Argentine Prosecutor Appeals Ruling Dismissing Criminal Allegations Against President

Gerardo Pollicita appealed last month's ruling by a judge who dismissed the complaint, brought by a now-dead dead prosecutor, against President Cristina Fernández de Kirchner. The complaint alleged that Fernández covered up Iran's role in the 1994 terror attack in Buenos Aires.

Federal prosecutor Gerardo Pollicita appealed a judge's ruling in February exonerating Argentine President Cristina Fernández de Kirchner of her alleged involvement in covering up Iran's role in the 1994 bombing of a Buenos Aires Jewish center, Reuters reported.

Pollicita is investigating the accusations against Fernández based on the original complaint by prosecutor Alberto Nisman who was found shot dead in his home in January.

Report from Feb. 26:

An Argentine judge dismissed the criminal complaint against President Cristina Fernández de Kirchner brought by Alberto Nisman, the prosecutor whose mysterious death has sparked widespread protests and a criminal investigation in the country.

Nisman had accused the president of helping to cover up Iran's role in a 1994 terror attack at a Buenos Aires Jewish center that left 85 people dead. The federal prosecutor was found shot to death in his apartment in January hours before he was set to reveal details about his years-long investigation into the attack before a congressional committee.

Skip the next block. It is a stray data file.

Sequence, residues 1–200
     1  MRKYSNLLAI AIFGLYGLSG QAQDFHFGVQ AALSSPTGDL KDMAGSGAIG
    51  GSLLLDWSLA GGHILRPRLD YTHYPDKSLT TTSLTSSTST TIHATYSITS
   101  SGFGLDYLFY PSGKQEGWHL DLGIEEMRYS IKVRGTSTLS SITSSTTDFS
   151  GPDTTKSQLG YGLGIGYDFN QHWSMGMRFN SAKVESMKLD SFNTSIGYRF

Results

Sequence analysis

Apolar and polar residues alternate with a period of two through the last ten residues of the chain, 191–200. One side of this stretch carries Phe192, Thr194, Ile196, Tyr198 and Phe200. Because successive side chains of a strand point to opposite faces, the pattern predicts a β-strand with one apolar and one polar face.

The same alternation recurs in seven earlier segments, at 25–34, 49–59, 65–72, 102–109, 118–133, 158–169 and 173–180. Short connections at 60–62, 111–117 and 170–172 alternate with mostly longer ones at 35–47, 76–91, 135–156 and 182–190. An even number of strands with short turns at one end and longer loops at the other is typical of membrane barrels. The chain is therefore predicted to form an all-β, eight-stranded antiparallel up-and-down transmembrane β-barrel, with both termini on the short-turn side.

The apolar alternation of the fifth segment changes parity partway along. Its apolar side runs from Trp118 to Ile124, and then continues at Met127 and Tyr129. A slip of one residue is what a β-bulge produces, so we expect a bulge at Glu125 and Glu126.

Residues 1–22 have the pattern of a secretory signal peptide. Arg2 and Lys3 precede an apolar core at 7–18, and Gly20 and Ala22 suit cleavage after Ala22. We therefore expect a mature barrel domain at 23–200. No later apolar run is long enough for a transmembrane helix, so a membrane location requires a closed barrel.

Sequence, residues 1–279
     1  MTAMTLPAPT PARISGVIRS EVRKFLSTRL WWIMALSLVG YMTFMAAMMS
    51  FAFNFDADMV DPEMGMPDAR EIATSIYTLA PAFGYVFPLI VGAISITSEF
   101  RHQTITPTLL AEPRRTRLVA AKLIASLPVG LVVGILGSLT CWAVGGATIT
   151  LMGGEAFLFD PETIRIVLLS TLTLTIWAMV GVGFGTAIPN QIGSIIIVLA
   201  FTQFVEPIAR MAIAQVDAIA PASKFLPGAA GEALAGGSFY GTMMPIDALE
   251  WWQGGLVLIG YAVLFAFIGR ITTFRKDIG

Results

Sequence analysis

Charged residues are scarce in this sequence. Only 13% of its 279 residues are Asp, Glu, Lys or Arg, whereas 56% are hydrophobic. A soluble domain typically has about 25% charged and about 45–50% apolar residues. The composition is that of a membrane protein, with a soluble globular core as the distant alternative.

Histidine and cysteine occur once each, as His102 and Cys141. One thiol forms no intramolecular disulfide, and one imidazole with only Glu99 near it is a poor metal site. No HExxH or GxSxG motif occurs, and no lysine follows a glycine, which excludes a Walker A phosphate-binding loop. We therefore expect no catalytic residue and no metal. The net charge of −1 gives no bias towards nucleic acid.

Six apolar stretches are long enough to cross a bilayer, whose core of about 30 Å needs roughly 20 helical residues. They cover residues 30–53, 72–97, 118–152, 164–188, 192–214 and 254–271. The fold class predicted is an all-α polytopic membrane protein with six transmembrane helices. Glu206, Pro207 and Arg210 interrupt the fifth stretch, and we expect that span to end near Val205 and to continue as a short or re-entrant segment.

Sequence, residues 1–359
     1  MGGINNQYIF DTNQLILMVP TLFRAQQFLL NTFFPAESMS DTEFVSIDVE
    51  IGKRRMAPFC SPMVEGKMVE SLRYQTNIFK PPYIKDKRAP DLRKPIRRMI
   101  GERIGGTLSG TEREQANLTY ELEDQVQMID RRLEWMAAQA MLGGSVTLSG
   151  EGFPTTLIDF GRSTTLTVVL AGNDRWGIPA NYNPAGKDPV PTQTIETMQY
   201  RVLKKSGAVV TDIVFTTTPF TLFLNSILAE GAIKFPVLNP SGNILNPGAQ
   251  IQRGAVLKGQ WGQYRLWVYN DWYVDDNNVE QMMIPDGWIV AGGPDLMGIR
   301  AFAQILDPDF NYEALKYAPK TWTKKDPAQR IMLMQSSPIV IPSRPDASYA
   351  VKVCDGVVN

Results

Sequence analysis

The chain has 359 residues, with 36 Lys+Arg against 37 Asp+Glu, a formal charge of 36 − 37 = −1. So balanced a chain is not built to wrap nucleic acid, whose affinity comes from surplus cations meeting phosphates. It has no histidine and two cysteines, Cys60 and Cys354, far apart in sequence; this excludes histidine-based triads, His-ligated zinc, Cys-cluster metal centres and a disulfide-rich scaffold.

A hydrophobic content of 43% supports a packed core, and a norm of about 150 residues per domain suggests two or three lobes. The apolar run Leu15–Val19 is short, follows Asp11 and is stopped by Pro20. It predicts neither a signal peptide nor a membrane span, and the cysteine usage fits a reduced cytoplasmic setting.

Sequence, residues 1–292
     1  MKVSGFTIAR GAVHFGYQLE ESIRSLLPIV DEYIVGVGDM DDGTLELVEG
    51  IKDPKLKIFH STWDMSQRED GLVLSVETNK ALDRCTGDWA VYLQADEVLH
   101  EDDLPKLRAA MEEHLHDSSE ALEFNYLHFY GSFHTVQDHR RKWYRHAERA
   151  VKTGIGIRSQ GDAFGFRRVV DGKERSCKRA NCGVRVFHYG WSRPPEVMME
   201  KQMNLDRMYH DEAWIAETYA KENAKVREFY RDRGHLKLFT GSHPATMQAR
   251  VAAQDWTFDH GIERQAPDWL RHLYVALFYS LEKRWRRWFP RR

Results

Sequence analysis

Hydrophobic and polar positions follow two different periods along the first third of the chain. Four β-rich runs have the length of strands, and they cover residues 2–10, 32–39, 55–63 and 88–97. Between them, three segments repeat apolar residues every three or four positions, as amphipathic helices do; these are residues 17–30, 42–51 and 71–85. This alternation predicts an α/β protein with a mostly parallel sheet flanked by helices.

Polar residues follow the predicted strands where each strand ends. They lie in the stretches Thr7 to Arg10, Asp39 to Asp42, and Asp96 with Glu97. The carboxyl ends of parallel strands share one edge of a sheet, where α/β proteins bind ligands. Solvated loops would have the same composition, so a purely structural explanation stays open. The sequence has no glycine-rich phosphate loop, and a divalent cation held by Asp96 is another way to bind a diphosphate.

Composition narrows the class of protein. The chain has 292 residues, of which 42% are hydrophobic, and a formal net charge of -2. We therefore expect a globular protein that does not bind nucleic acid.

The original criminal complaint brought by Nisman before his death was argued by another prosecutor before the court, The New York Times reported.

The judge, Daniel Rafecas, ruled that there was not enough to start a criminal investigation based on what was presented by Nisman.

Rafecas said that the allegations against the president of covering up Iran's role in the attack, and the "sluggish investigation" into the bombing aimed at giving the Iranians impunity, were unfounded, Argentine news website Infobae reported.

The judge said that after thoroughly analyzing the evidence against Fernandez, there was "no single element of evidence" that pointed to her role in the criminal act of covering up Iran's role in the bombing.

Rafecas also said that there was "no mention, not a single reference" of the Argentine chancellor, or anybody from the administration in the monitored telephone calls that were presented as evidence.

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